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Synonyms for optative

a mood (as in Greek or Sanskrit) that expresses a wish or hope

relating to a mood of verbs in some languages

Related Words

References in periodicals archive ?
Even when Webster's speakers do not formulate their ideas as counterfactual statements, they often invoke the optative mode as they struggle to explain how they became the people they are today: the philosopher "In an Almshouse," contemplating his refusal to take a stable position as a clergyman, wonders, "why was I too weak for such a life[?
21) This "now" that the apostrophe summons resists narrative and instead enacts an optative character of poetic possibility--the uniting of a divided nation as in Whitman's pre-Civil War poetry or in the converging of the human spirit with the wind as in Percy Bysshe Shelley's "Ode to the West Wind.
In the second, O functions as Schmidt claims it should, as an optative expression giving "the speech the character of earnestness.
126) As modernity's distant echoes of ancient rallying calls in battle, the slogan is embedded with the "residual magic" (127) of optatives (speech acts that express wishes or desires), and of performatives.
21) More specifically, they are suppletive in the third person plural of the medio-passive indicative perfect and pluperfect of verbs with consonant-final roots verbs, and the medio-passive subjunctive and optative perfect.
In "The Faithful Mode of Wallace Stevens," Phillips shows how Stevens overcame the conflict between "the malady of the quotidian" ("The Man Whose Pharynx Was Bad") and a longing for transcendence by learning (in the wake of "The Comedian as the Letter C") to value the commonplace in and for itself In particular, she focuses on the optative aspect of Stevens's poetry.
An historical performance by The Radical Dramaturgy Unit of Optative Theatrical Laboratories, Sinking Neptune simultaneously enacts and interrogates the controversial re-performance of Marc Lescarbot's 1606 Theatre of Neptune in New France--a redface spectacle in which four "savages," played by French sailors, performed their submission to the rule of France, all for the benefit of a Mi'kmaq audience--as a critique of the plan to use Theatre Neptune to celebrate the "400th anniversary of theatre in Canada.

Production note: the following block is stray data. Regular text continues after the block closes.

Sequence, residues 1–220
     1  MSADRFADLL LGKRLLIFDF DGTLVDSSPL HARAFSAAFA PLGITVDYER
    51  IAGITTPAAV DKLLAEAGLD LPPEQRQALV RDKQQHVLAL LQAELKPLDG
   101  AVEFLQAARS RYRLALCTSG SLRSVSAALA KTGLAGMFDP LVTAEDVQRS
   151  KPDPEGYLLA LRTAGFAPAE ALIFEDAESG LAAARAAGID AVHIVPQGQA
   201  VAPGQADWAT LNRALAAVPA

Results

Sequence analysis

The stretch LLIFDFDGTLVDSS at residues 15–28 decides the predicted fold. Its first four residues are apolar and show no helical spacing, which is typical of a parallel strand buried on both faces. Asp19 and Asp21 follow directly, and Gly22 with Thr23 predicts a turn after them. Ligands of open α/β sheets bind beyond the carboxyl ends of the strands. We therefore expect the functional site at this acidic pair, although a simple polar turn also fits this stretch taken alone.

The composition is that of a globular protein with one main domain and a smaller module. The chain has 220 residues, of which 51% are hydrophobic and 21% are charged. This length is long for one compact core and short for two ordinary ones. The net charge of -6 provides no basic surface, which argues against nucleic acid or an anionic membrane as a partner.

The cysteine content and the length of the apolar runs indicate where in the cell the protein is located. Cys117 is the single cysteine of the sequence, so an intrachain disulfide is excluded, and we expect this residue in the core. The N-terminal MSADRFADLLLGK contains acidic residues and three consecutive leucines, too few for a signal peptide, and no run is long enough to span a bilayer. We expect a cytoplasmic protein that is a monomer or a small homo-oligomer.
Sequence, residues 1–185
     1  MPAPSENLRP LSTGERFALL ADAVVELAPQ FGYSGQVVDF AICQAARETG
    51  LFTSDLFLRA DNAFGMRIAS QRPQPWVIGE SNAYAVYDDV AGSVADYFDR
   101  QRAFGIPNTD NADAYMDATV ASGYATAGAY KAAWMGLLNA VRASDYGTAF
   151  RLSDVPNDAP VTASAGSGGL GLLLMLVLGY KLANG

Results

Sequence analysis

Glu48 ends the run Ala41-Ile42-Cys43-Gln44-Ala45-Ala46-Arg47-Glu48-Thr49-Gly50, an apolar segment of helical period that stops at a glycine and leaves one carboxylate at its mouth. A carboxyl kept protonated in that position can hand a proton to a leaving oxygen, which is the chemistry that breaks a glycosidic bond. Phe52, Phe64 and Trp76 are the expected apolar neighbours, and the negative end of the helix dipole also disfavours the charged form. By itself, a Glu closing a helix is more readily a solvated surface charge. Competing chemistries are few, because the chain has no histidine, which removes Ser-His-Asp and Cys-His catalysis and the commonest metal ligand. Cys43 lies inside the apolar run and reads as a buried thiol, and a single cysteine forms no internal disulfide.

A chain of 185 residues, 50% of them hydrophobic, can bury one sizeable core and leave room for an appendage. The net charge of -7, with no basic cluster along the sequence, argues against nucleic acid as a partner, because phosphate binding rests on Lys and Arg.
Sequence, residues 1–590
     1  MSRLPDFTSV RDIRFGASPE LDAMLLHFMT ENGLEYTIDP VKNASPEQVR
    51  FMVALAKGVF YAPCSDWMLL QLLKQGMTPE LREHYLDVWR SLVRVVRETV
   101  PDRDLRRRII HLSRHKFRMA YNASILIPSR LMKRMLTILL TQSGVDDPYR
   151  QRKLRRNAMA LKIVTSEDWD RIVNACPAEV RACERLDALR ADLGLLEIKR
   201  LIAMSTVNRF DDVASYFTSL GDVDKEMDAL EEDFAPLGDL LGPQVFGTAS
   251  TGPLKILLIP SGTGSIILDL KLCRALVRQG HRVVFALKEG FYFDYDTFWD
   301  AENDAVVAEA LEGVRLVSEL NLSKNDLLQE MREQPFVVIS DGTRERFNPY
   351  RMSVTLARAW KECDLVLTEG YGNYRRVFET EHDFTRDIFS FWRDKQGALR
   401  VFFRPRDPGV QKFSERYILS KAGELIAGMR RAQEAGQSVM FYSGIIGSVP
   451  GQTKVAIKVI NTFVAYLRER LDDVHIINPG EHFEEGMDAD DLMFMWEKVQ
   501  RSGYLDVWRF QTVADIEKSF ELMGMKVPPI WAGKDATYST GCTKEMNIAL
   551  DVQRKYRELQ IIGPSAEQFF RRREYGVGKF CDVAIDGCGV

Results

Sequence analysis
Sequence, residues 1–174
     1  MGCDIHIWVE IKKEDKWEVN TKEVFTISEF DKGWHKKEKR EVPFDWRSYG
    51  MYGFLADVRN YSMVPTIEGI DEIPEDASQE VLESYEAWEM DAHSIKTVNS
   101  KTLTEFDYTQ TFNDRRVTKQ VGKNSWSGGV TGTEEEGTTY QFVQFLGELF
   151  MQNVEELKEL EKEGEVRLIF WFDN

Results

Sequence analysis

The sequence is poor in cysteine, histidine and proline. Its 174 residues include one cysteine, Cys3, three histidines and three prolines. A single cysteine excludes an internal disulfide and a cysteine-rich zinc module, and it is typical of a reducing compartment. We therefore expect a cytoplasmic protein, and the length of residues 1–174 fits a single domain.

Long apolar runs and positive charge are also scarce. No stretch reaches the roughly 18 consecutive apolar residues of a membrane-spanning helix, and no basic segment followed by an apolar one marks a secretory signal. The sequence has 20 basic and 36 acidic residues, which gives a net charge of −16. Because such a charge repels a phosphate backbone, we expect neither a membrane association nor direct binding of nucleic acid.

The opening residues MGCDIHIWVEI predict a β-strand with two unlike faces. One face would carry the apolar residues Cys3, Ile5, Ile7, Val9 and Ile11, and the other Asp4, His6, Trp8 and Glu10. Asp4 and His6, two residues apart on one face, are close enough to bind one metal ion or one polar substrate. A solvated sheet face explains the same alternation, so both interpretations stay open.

We have argued that the extra-legal nature of the early Internet, actual or optative, has yielded to comprehensive normativity, including rules imposed by website managers and jurisdictional claims by sovereign states.
There are three independent moods, roughly comparable in function to the mood categories of many other languages: Indicative, Interrogative, and Optative.
The issue is further exacerbated by the Optative, defined as the l-participle used without the auxiliary, expressing a wish (as in Dobro nam dosli 'Welcome') or a conditional action in subordinate clauses with some su-bordinators (Silic and Pranjkovic 2005:196, 351), such as makar 'even if' or bez obzira 'regardless', as seen in (9).
In the end, although reparation for Klein constitutes "a fundamental element in love and in all human relationships," it must be rethought as an optative gesture, a leap of faith beyond reason's moral and political calculations, a scramble to preserve and sustain life itself in the face of continued violence.
But the discussion of optative sociology is barely two pages long, which means that nearly the entire book is a list of supposed mistakes.
masculine, NEG = negative, nom = nominal element of a nominal verb, OBL = oblique, OPT = optative, Part = particle, pi = plural, PPTC = perfect participle, PRS = present, PRT = preterite, Q = interrogative, sg = singular.
As Newman summarizes, "In conversation, the salonnieres could travel to disallowed places, could speculate in the optative on all kinds of terrae incognitae--on the limits and disadvantages of marriage, on pleasure and desire, on higher math and the movement of the planets.
The best example of what lekton is, is offered by the optative sentences where the merely mental and into the future directed wish ('I wish to drink') constitutes the unavoidably incorporeal aspect of the expression.